2:19pm , Tuesday 19th January 2021

Hameed Al Ahmar’s Backdoor Companies

13 November 2016

YAFEA NEWS, Sana’a – Three titles best describe Hameed Bin Abdullah Al Ahmar: a tribal leader, a politician, and a businessman.

Until the beginning of Yemen’s latest civil war, in 2015, Al Ahmar managed to get  out of trouble by exploiting local political contradictions. He was also present at every political, tribal and economic event in Yemen.

But ARIJ has uncovered information about his relations with partners and hidden companies, as well as  the story behind movement of his funds in the “SwissLeaks” and the “Panama Papers”.

This  journalist accessed documents from ARIJ’s collaboration with the German Suddeutsche Zeitung and International Consortium for Investigative Journalism. They detail tax evasion cases that haunted Al Ahmar until he left the country at the start of the current conflict.They also show how during the war he manoeuvred among his  political position, his associates, and his commercial dealings,

Al Ahmar belongs to the ruling family of the Hasheds, one of Yemen’s most influential tribes. Their social status opened the way for his political rise ultimately to a  prominent position in Yemen’s Al-Islah Party (the Muslim Brotherhood). Hameed is also a member of the Parliament’s Oil Commission” that oversees, reviews and audits oil contracts and agreements with companies.

This investigation documents that one of Al Ahmar’s partners is behind an offshore company, the Consolidated Contractors Company (CCC), which signed contracts and projects with the Yemeni government.

It  also reveal that another Al Ahmar partners at Sabafon, a telecommunications company, is also a member of the Special Parliamentary Committee on Telecommunications, which decides on telecommunications’ contracts with the government. It also approves or rejects all objections or appeals on taxation. This connection explains why government investigations into Sabafon’s alleged tax evasion, and how it came to win the contract, were closed without justification.

False Statements

The name “Sabafon” is associated with Sheikh Hameed Al Ahmar, its CEO and biggest shareholder. Sabafon has an account in tax havens that could have been used to evade taxes and hide sums from other partners.

Yemeni government authorities several times have accused Sabafon of tax evasion. Some cases remain under court review, while prosecutors in charge of combating corruption are looking at other cases. They have asked the company to pay 39 billion Yemeni Riyals ($158 million) in taxes, due from 2007 to 2011. The High Office for Oversight and Anti-Corruption issued a report accusing Sabafon of corruption and tax evasion after it obtained an extension on exemptions without legal justification, thus depriving the state’s treasury of millions in income.

The Commission described the extension as an act of corruption and tax evasion according to Article 30/7 of the Anti-Corruption Law number 39, from the year 2006, and Article 90 of the Income Tax Law number 12 from 1999. The Commission referred the case to the attorney general to mount a criminal case of tax evasion against the company. Prosecutors say the company issued false statements to the General Investment Commission in order to get the exemptions. They have a case of tax evasion against Sabafon for  $644 million.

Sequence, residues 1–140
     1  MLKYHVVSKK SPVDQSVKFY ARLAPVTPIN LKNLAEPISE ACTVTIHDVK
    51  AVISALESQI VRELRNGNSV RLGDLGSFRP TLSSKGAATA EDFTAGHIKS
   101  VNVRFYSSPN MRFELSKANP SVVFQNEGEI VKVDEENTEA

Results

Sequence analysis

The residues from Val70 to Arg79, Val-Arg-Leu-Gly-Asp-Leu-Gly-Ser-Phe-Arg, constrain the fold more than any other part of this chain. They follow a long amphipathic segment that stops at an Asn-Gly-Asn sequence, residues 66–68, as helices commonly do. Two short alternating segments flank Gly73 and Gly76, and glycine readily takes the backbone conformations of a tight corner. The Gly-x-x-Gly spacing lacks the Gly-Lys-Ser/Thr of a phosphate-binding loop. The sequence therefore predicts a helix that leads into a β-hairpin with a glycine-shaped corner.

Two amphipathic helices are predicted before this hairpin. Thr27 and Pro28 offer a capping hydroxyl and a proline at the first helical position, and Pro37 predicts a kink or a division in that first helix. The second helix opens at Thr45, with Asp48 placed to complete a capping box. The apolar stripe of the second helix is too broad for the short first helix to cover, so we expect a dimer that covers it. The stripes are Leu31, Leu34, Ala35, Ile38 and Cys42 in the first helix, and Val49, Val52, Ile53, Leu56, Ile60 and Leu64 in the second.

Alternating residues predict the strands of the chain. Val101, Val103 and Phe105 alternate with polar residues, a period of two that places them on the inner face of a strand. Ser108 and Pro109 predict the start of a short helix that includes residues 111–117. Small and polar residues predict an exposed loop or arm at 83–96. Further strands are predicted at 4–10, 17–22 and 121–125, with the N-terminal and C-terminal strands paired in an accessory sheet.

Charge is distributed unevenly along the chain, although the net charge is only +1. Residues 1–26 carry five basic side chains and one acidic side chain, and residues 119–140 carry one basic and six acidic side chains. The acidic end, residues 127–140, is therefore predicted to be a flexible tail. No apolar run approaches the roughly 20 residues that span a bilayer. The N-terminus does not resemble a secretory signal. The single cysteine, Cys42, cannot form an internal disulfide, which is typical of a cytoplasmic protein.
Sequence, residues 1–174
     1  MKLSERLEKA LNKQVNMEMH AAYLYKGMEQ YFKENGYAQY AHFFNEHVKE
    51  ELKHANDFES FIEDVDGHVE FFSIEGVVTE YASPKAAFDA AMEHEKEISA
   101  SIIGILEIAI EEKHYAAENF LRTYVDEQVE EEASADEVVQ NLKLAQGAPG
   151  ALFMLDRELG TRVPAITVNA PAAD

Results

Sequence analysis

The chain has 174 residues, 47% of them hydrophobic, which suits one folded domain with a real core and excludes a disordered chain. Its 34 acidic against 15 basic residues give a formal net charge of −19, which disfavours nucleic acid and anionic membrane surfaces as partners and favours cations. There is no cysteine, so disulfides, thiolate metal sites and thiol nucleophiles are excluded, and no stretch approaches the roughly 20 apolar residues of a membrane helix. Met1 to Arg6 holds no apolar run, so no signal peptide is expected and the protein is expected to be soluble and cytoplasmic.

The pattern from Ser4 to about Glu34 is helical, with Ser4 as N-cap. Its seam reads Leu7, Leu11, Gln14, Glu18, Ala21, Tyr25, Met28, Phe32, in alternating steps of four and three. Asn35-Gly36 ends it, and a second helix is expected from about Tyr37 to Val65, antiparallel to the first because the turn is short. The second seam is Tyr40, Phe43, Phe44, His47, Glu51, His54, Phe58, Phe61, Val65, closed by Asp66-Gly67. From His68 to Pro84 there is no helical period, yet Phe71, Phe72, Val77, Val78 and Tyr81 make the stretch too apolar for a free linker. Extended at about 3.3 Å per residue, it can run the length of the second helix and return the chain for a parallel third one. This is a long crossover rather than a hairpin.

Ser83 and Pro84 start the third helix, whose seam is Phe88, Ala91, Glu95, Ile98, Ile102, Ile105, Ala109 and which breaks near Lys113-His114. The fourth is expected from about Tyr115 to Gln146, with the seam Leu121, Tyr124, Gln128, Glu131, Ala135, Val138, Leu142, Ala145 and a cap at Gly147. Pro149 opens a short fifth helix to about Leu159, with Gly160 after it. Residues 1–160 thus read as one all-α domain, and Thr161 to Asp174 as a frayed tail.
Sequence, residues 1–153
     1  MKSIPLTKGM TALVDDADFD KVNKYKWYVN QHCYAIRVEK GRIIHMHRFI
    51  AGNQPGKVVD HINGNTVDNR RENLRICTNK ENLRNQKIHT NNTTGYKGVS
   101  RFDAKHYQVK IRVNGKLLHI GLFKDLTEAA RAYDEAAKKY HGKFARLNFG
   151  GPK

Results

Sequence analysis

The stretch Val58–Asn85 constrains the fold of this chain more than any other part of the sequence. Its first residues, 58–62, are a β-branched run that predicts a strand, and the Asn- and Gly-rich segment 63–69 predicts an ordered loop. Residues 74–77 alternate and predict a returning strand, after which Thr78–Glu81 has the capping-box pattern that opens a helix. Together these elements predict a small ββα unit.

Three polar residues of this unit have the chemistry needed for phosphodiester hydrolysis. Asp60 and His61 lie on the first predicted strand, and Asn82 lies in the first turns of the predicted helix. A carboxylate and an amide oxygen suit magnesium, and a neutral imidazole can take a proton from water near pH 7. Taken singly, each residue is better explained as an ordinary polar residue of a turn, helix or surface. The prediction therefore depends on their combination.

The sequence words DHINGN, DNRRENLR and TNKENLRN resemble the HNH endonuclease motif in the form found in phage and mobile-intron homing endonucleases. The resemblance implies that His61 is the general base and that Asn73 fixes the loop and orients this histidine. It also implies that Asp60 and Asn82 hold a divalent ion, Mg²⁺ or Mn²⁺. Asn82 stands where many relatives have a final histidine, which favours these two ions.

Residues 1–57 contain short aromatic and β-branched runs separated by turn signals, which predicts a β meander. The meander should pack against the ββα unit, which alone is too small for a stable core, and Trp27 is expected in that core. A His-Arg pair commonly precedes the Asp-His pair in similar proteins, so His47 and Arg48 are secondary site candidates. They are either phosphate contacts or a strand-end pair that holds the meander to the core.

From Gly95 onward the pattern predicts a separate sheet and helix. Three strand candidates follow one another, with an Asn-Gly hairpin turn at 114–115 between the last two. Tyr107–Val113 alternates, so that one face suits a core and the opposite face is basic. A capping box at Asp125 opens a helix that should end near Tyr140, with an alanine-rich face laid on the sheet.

Tax attestations given authorities between  2011-2013 show a large difference between what Sabafon presented and the information other telecommunications companies provided. When comparing the presentation of Sabafon in 2013 compared to that of the MTN company, for example, it emerged that each of the two companies, according to the National Center For Statistics, had almost 6 million users. MTN paid $40 million more in tax than Sabafon.

Sabafon and the World of Tax Havens

It is hard to find accurate data about Sabafon and the ownership stake of  each shareholder. The absence of a financial system and lack of transparency when publishing public statements of companies has helped hide important information about corporate activities and partners.  There is no mechanism to update data on companies and that means Yemeni authorities are the last to know about financial operations in any company.

They cannot collect taxes due and that is  exactly what happened in March 2007, when Al Ahmar sold 20 percent of the shares of the Bahraini Telecommunications Company (BATELCO). According to the Yemeni Tax Authority the government found out about the deal reading about it in the press.  The Tax Authority later built a sales tax evasion case against Sabafon.

The story begins on July 5, 2003, when the General Commission for Investment issued decision number (87/H) concerning the approval of amendments to some of Sabafon’s articles of association. The decision modified Article number 8 pertaining to shareholders. The names included shareholders registered with the government, but four were not found on the company’s web site.

Those included the Consolidated Contractors Company , BATELCO, Al Ahmar Group and the Hael Said’s Group and Associates.  A document disclosing all secret shareholders was obtained in the course of this investigation. They included the Iranian Foreign Investment Company, the investment arm of the Iranian Revolutionary Guard and other tribal sheiks close to former Yemeni President Ali Abdullah Saleh.